My objective is to create a state of suspension of individual elements, caught in a complex of layers with deceptive simplicity. The creation of these images is intuitive in nature. The creative process is ongoing, with every intuition, reflection and configuration, pre-figuring another possibility. The printing process is an integral part of my working process. The separation and building up of layers, multiple overprinting, the use of inks of differing viscosities – these modifications inform the work as it evolves. The tactile qualities of print-making, the depth and richness of surface, are crucial. – [Artists Statement]

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Mary Christiansen : Hughson Gallery

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03
Dec
11

Bohnchang Koo : ‘White’ Series (Photography)

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Bohnchang’s work has always dealt with impermanence, with the decay and disappearance of living things. In his recent work, Koo continues this long journey to capture the fleeting and the mortal. In these spare natural landscapes—the sea, pine needles on snow, dust on a wall, withered vines —the artist renders scenes of exquisite beauty while evoking the inexorable passage of time. [Luminous Lint]

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‘White 11’
Photograph
Bohnchang Koo
2000
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‘White 10’
Photograph
Bohnchang Koo
2000
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‘White 13’
Photograph
Bohnchang Koo
2000
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‘White 12’
Photograph
Bohnchang Koo
2000
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‘White 5’
Photograph
Bohnchang Koo
2000
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‘White 7’
Photograph
Bohnchang Koo
2000
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“Koo photographs images of the fragile and the fleeting, never the immortal, of distance and solitude, never attachment or survival. An object gets old from use, remaining indifferent to artistic intention and control, attentive only to its own unerring interior progression, which leaves its disappearing traces long after the photo has been taken, thus moving its past into the future. And thus artist and spectator, who exist outside the photo and cannot enter it, must wander as strangers. From the initial choice of subject, loss is inevitable… Destiny‘s fleeting object, disappearance and sadness of life even before life ever was, returns to silence. In this fleeting is splendor, refinement and beauty.” H Kim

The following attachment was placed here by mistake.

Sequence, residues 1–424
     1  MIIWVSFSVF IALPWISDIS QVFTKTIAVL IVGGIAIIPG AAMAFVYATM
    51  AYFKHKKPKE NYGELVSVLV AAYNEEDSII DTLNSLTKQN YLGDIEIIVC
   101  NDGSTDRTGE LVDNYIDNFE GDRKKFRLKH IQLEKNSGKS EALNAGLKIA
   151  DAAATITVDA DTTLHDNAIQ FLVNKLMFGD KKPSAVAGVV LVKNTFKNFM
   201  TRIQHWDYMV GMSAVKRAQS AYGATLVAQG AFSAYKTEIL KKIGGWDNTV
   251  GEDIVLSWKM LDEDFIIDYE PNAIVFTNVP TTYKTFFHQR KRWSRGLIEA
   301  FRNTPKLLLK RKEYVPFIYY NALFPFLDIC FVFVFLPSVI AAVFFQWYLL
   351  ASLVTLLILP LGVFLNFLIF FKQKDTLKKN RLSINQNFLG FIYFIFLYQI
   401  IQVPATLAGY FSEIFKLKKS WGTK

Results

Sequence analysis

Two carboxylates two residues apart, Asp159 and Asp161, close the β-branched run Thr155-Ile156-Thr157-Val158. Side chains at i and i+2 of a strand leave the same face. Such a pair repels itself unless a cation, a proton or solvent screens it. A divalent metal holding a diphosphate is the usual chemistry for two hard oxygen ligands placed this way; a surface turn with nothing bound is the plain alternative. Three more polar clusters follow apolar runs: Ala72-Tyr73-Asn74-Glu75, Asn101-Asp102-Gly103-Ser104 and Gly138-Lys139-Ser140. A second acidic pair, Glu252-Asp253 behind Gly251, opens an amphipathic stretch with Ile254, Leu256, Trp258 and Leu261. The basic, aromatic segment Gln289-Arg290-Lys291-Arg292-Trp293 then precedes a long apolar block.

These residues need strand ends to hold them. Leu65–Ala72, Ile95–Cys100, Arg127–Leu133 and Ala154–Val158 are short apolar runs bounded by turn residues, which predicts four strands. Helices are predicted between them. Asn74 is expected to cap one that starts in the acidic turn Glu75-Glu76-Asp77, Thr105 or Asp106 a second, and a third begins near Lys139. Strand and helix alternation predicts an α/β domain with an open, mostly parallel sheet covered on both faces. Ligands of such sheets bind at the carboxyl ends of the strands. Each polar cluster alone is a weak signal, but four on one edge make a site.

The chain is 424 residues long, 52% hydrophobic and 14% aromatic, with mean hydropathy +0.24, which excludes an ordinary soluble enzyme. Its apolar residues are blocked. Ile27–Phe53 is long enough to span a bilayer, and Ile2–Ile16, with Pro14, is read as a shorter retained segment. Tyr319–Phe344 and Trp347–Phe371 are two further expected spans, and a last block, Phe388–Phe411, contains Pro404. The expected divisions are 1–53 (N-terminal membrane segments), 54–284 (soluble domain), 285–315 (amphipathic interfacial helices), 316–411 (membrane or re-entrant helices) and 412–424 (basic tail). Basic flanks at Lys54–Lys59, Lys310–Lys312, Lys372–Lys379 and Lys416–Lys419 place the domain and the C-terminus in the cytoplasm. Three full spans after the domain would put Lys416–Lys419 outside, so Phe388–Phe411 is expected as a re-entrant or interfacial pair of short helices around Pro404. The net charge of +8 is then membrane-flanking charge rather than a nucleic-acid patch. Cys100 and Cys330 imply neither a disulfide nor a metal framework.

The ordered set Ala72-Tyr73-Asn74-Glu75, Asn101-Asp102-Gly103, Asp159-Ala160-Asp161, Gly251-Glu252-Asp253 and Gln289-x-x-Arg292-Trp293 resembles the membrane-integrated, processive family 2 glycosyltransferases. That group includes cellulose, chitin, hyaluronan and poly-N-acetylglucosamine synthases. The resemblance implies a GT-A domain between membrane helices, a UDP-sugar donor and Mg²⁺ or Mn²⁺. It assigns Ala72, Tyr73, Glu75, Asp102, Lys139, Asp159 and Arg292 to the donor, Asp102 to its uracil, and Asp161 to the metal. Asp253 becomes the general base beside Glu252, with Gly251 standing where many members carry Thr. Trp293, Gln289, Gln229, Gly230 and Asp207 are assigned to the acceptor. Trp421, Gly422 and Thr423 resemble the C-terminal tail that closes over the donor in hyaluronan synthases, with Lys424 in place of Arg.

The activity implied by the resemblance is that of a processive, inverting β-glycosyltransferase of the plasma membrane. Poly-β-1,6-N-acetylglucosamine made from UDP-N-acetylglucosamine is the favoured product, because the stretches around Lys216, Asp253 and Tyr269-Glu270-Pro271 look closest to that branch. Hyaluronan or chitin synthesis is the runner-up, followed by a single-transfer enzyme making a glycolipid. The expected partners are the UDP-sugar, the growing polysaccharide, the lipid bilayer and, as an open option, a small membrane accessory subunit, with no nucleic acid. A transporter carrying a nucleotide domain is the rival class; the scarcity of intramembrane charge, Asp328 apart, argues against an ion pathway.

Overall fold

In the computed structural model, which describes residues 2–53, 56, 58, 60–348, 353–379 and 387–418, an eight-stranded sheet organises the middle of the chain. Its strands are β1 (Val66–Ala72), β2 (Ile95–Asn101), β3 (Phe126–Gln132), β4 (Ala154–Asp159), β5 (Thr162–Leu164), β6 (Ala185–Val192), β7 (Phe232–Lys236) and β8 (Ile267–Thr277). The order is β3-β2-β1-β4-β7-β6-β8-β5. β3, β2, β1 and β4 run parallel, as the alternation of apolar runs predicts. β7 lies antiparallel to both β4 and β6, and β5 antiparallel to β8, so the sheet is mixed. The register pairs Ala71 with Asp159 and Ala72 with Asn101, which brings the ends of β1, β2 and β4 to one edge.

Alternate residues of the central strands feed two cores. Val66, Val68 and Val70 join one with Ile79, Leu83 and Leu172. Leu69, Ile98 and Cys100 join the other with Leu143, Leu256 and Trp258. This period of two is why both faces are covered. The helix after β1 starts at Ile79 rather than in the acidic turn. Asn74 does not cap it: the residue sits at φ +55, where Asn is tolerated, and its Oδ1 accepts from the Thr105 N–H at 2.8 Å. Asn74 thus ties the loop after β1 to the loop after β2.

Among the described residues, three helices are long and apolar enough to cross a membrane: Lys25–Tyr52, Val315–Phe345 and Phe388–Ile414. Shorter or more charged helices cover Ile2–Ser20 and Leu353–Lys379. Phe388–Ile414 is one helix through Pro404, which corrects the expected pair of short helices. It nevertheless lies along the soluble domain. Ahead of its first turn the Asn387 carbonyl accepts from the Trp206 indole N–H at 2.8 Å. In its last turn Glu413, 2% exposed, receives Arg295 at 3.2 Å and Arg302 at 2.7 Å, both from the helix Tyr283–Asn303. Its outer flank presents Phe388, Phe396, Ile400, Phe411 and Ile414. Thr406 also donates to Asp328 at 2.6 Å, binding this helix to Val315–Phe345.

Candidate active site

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Bohnchang Koo : Website

Bohnchang Koo : Lens Culture

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08
Oct
11

Toko Shinoda : Lithographs (Prints 2)

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“The most important element is my heart, that I try to express through my body and my hands. When I take a brush in my hand, my heart searches for lines, and tries to create forms.” Toko Shinoda

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‘Tamayura’
lithograph
15 x 11″
1996

‘Simile’
lithograph
15 x 11″
1997

‘Rippling’
lithograph
15-3/4 x 11-1/4″
1983

‘Blessing’
lithograph
13-1/4 x 10-1/4″
1983

‘Snow’
lithograph
13-1/4 x 10-1/2″
1982

‘Fete’
lithograph
15 x 11″
1997

‘Maiden’
lithograph
15 x 11″
1985

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Toko zealously studied traditional calligraphy and “waka” poetry. She began teaching calligraphy, and had her first one-woman exhibition in Tokyo just before the war. During the war she tended toward abstract work, which she developed to international exhibition level over the next period. After two years’ residence in New York, in Tokyo again she turned to lithographs. She became the first female artist to collaborate with architects and with interior designers. Her versatility extended to producing textiles for theater curtains, ceramic reliefs in buildings, etchings in stainless steel for elevator decor.

[Extract : The Japan Times]

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Toko Shinoda : Castle Fine Arts